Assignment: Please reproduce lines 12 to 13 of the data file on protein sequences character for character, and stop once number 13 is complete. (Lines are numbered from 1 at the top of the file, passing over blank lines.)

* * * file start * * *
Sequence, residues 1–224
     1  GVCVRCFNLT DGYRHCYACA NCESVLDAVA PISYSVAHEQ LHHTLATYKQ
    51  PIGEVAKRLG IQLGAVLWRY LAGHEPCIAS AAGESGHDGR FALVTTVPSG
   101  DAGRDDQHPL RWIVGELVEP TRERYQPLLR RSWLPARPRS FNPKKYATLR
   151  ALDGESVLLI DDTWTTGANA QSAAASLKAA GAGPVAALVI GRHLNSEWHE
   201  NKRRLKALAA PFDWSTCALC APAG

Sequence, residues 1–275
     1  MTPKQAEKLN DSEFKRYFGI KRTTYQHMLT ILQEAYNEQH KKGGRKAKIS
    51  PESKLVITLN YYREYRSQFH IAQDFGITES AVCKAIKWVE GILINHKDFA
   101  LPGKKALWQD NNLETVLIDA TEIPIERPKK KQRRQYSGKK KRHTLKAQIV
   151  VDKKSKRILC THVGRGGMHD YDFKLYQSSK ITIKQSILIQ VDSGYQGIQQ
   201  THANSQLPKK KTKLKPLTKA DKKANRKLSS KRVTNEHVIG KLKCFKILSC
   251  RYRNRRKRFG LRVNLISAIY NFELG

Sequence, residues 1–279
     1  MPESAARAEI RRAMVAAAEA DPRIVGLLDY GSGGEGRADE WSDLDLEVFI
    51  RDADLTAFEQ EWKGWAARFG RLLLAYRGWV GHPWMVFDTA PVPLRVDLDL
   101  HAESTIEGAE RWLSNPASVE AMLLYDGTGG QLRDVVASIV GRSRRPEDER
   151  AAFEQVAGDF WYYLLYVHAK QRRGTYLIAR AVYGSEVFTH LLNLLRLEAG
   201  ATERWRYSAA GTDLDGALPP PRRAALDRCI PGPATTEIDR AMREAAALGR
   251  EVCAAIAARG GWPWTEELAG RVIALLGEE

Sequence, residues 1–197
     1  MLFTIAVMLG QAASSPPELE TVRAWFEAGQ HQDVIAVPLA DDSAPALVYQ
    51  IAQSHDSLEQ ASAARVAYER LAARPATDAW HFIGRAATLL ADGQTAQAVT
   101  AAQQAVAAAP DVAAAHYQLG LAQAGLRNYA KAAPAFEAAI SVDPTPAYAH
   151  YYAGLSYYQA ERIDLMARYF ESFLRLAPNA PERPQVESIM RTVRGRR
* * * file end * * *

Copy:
   201  THANSQLPKK KTKLKPLTKA DKKANRKLSS KRVTNEHVIG KLKCFKILSC
   251  RYRNRRKRFG LRVNLISAIY NFELG